|SUBJECT:||M.S. Thesis Presentation|
|TIME:||Thursday, June 24, 2010, 11:00 a.m.|
|TITLE:||Evaluation of Internal Contamination Levels after a Radiological Dispersal Device Using Portal Monitors|
|COMMITTEE:||Dr. Nolan Hertel, Chair (NRE)
Dr. Chris Wang (NRE)
Dr. Armin Ansari (CDC)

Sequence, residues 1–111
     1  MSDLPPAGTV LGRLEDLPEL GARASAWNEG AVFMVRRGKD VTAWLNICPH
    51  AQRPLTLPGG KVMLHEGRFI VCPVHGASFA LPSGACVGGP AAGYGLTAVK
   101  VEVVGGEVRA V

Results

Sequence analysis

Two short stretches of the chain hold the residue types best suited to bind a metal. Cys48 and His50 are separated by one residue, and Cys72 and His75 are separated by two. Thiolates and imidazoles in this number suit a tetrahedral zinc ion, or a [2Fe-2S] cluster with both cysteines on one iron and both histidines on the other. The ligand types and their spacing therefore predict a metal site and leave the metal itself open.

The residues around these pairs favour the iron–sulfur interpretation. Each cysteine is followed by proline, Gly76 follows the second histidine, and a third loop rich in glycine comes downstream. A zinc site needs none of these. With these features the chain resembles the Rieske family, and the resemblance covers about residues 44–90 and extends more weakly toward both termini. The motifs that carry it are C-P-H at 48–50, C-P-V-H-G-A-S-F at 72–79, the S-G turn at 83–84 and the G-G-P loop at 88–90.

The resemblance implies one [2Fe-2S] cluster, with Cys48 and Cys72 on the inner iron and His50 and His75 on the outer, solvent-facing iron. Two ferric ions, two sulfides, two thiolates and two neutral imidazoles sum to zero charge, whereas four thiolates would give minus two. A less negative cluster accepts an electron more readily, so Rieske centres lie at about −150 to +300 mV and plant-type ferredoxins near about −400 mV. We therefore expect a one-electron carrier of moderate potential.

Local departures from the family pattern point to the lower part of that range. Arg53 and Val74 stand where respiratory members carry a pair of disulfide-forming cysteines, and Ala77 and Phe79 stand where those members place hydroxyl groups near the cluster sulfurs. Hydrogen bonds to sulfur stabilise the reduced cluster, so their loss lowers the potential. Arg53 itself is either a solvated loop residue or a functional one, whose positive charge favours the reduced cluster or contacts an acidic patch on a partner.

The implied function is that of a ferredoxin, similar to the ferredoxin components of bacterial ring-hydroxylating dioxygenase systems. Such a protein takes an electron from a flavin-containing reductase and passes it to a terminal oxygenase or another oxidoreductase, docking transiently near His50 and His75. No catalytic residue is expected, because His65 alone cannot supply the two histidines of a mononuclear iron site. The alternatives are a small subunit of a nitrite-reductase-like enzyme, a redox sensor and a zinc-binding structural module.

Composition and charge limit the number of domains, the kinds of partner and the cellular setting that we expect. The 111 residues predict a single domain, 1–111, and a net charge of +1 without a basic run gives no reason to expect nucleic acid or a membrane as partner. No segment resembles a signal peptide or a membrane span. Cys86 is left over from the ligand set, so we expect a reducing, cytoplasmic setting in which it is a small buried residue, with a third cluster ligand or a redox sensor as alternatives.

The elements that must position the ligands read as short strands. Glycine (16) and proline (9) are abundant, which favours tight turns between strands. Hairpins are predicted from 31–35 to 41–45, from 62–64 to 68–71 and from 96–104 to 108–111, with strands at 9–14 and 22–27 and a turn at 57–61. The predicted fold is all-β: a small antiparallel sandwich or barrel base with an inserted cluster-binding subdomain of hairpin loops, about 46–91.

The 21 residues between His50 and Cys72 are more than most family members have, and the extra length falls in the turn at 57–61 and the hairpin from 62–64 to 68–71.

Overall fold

In the event of a radioactive dispersal device (RDD), the assessment of the internal contamination level of victims is necessary to determine if immediate medical follow-up is necessary. Thermo Scientificís TPM-903B Portal Monitor was investigated to determine if it is a suitable first cut screening tool for internal contamination assessment of victims. A portal monitor was chosen for this study because they are readily accessible, transportable, easy to assemble, and provide whole body count rates due to the detector size. The TPM-903B was modeled in Monte Carlo N-Particles Transport Code Version 5 (MCNP). This computational model was validated against the portal monitorís response to a series of measurements made with four point sources in a polymethyl methacrylate (PMMA) slab box. Using the validated MCNP5 model and models of the MIRD male and female anthropomorphic phantoms, the response of the portal monitor was simulated for the inhalation and ingestion radionuclides from an RDD. Six representative phantoms were considered: Reference Male, Reference Female, Adipose Male, Adipose Female, Post-Menopausal Adipose Female, and 10-Year-Old Child. The biokinetics via Dose and Risk Calculation Software (DCAL) was implemented using both the inhalation and ingestion pathways to determine the radionuclide concentrations in the organs of the body which were then used to determine the count rate of the portal monitor as a function of time. Dose coefficients were employed to determine the count rate of the detector associated with specific dose limits. These count rates were then compiled into procedure sheets to be used by first responders during the triaging of victims following an RDD.